Out of Deep Waters: Retired bishops say brokenness wrought by Katrina brought grace

By Mary Frances Schjonberg and Matthew Davies
Posted Aug 28, 2015

[Episcopal News Service – New Orleans, Louisiana] In the days after Hurricane Katrina and its aftermath devastated the dioceses they led, now retired-Mississippi Bishop Duncan Gray III and his Louisiana counterpart at that time, now retired-Bishop Charles Jenkins discuss the days immediately after the storm and reflect on its lessons 10 years later.

“A church that is focused inwardly, a church – as I have said before – that exists for those who are already in it, I think is a church that is not living up to the calling of our Lord and Savior Jesus Christ,” Jenkins said. “I would want the rest of the church to know that, here in New Orleans, she was reaching out to people to whom no one else would reach.”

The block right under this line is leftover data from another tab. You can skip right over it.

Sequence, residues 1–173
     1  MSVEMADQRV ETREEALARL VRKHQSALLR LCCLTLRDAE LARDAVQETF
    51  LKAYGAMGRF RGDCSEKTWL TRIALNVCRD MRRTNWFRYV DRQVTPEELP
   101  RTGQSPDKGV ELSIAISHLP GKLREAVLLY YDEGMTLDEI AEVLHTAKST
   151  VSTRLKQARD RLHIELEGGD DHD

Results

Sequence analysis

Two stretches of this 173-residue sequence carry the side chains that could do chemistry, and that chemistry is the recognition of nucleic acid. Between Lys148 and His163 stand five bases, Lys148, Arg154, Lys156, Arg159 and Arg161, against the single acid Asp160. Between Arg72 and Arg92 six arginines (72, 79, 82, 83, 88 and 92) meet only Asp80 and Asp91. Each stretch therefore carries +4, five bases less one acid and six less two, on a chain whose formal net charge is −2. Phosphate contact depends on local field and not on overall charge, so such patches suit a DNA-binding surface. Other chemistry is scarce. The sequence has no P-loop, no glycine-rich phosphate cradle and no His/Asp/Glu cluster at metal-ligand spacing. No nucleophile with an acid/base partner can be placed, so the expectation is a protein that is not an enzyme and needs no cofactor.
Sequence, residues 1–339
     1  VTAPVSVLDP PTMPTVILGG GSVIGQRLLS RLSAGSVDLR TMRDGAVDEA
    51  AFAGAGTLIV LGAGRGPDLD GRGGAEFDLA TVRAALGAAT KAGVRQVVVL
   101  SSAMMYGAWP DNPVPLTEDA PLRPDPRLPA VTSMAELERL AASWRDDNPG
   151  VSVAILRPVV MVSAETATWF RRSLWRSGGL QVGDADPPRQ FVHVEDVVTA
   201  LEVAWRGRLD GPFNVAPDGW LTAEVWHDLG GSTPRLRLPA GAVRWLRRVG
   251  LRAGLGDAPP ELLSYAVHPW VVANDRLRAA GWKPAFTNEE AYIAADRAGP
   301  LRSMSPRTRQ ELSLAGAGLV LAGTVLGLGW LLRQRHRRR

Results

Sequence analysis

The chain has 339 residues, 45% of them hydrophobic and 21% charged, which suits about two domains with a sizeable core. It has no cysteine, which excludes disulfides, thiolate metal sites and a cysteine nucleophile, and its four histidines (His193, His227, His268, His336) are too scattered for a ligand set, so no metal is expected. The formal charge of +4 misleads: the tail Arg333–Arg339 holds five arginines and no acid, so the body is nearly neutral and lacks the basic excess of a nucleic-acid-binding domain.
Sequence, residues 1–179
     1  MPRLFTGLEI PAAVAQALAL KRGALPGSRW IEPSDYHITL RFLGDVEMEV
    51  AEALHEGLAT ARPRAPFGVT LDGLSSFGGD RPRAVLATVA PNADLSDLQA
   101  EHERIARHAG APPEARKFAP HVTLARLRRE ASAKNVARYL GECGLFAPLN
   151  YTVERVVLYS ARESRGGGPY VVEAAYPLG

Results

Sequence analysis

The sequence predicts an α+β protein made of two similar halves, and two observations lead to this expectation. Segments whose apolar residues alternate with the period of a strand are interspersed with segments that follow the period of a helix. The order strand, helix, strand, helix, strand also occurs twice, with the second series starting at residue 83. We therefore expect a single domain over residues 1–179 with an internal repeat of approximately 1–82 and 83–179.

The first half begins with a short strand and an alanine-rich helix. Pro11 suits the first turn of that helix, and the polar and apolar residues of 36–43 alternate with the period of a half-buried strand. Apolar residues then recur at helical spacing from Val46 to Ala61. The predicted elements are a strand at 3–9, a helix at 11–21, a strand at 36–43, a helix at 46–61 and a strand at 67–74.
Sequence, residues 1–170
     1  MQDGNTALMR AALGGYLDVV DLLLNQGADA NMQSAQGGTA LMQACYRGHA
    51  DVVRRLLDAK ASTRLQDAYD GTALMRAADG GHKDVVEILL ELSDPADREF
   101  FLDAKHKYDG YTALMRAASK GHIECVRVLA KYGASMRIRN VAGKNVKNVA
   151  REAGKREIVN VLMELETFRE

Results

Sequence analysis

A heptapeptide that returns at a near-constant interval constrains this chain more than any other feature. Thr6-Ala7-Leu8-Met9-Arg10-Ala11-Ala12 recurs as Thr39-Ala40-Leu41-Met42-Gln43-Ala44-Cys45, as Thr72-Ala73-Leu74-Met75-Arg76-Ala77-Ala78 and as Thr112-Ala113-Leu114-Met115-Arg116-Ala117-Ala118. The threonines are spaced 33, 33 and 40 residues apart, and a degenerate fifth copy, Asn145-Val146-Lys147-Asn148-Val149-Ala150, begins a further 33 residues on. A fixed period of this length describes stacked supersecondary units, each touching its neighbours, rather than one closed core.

Gray echoed that sentiment, saying he hopes the church will “remember the joy was to serve [and] remember the excitement in a common enterprise of rebuilding, remembering when their heart beat faster imagining what it would be like to drive through the middle of the night” to get to Mississippi to volunteer to help the Gulf Coast rebuild.

“That was, I think, the call of God.”

This video is the third in a weeklong series of Episcopal News Service coverage. Other videos and stories are here.

– The Rev. Mary Frances Schjonberg and Matthew Davies are editor/reporters for the Episcopal News Service.


Comments (2)

  1. Ann Fontaine says:

    Thanks for this honest sharing.

  2. Fr Phillip Ayers says:

    Well done, Charles and Duncan, with your people in Louisiana and Mississippi in 2005 and beyond, and to the staff of ENS who produced this very moving DVD. I am honored to have met both bishops (before they donned the purple), and had a wonderful talk with Bp Duncan at GC this summer. Courageous, graceful souls, they! Bless them!

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